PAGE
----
Comments « Meridian Magazine
May 6, 2021

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Tristan BaierMay 24, 2020

It is no surprise that your article received the negative responses that it did, Dan. Thanks for your poised and informative response and for steering a straight course, as you always do.

bluewaterApril 19, 2020

Also noticed the Church architects tried to give a nod to Brasília, Brazil's architecture, a city which was chosen as a UNESCO World Heritage Site with the temple's design that reflects that of the city.

bluewaterApril 19, 2020

I was amazed that you got backlash! I know people have their own prejudices but thought they would be smarter than to tell on themselves by saying it out loud in print--and would have just kept their thoughts to themselves.Guess I was wrong.Hope the temple is lovely and speaks to the hearts of those in the land and area where it will stand.

Cheryl WalkerApril 16, 2020

I have always valued Dr. Peterson’s insights into a world I have never been able to visit. His insights into the culture have always been enlightening. My first entrance into the Arabian peninsula was 1,000 and one Arabian Nights. This hardly makes me any kind of authority. I, for one will be looking with interest at the rendition that the Church planners will come up with. All I can say is “Hang on to your hats”. The changes that we Westerners, accustomed to aUtah centric Church, will certainly be surprising and for some, shattering.

Lorraine AndersonApril 15, 2020

I agree do much with the author. May I cite another example of the Church blending temple designs with the local area. The clean geometric design of the Manhattan Temple blends beautifully with the buildings in Lincoln Center across the street.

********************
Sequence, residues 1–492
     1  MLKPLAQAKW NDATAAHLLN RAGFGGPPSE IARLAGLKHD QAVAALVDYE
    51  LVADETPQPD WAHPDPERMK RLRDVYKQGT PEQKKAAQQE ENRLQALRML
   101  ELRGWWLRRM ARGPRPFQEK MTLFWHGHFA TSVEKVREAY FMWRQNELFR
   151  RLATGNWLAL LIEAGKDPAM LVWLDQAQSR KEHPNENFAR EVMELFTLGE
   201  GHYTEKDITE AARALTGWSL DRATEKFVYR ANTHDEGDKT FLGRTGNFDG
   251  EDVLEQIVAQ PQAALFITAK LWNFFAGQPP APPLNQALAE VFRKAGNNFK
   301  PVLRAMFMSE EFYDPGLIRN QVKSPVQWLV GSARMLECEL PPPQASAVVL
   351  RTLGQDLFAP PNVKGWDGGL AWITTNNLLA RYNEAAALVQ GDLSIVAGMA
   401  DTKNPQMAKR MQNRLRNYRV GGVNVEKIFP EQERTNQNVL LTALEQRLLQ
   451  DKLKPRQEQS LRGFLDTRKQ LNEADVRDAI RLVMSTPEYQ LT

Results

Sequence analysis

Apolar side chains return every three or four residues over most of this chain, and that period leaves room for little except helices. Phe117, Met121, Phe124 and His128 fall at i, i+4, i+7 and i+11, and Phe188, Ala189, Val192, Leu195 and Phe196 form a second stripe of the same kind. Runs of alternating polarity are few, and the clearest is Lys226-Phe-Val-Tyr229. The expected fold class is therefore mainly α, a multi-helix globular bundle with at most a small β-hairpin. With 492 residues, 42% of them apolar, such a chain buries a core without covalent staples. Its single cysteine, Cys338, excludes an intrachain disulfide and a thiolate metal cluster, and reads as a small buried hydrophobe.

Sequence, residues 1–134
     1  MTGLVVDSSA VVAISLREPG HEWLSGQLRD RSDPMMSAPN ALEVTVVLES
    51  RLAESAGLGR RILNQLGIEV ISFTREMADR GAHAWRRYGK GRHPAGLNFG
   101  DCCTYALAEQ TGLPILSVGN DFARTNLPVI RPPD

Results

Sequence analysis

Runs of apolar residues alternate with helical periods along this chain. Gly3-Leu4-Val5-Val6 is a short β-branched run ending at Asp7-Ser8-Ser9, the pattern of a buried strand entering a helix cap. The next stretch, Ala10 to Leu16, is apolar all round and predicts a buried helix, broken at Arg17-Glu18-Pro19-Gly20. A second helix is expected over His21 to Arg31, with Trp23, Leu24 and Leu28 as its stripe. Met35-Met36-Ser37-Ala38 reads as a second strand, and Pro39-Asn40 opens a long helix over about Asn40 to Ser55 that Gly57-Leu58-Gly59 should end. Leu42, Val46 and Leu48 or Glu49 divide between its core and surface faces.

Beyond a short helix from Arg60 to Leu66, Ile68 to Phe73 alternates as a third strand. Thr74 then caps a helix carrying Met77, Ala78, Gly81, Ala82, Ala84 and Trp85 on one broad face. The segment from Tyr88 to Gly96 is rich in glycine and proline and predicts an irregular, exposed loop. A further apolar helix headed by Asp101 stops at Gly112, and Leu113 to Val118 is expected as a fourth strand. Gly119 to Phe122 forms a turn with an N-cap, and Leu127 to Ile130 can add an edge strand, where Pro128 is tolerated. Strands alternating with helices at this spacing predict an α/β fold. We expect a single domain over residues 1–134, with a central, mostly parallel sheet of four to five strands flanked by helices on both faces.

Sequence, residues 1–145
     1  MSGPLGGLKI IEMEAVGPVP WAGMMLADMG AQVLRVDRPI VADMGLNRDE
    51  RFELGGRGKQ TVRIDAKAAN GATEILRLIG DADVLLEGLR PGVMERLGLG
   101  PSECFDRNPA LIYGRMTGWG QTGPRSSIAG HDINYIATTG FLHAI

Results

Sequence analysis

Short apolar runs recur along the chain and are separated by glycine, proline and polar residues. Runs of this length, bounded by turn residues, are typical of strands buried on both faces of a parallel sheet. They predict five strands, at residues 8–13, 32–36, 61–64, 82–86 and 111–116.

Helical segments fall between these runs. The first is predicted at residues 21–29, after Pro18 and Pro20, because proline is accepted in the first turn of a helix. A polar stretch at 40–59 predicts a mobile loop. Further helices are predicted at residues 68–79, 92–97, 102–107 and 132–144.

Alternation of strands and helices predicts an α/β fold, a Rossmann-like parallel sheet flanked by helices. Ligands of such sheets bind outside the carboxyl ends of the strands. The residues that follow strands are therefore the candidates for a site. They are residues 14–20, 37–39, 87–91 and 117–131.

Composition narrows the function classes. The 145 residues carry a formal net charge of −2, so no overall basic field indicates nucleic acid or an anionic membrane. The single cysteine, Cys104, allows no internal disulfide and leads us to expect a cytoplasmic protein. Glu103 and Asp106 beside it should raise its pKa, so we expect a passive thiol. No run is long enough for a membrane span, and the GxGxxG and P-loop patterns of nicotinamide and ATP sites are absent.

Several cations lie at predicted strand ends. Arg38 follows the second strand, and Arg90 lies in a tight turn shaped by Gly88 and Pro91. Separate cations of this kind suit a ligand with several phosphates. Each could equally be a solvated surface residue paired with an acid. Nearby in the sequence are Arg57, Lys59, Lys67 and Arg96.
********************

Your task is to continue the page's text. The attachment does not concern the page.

T MortensenApril 15, 2020

When I was a child of mere 5 years old, I dreamed of designing a temple for the Lord. I spent years studying architecture for this very reason. In fact it was the only reason I chose architecture as my major. Life has since chosen to take me down different paths. With this in mind however, architectural design has always taken elements from the local communities. This is regardless of the structure being designed. This is true of our church buildings and especially our temples. Among the various temples already mentioned, I would like to add the colonial design of the Philadelphia Pennsylvania temple, and the elements of Roman design outwardly expressed in the Rome Italy temple and surrounding grounds. In fact The Church is outwardly open about how they had borrowed elements from the surrounding area when designing the Rome temple. The Church and its Architects have always worked to design our temples so that they compliment the communities in which they will be built. They have always worked to have the temple quietly blend in while subtly standing out at the same time. I for one am truly excited to see the amazing design that will come for this truly historic temple.

Alec AndrusApril 15, 2020

Amen to all Dr Peterson said. It amazes me that some folks can be insular and close minded in the Church which is so deeply founded upon love of truth and beauty from all sources. Didn’t we memorize the 13th article of faith to inoculate against such sillyness? Looking up to the beautiful art of a mosque’s ceiling has made me feel I was in a temple annex and grateful to hear prayers of my brothers by other mothers wafting heavenward.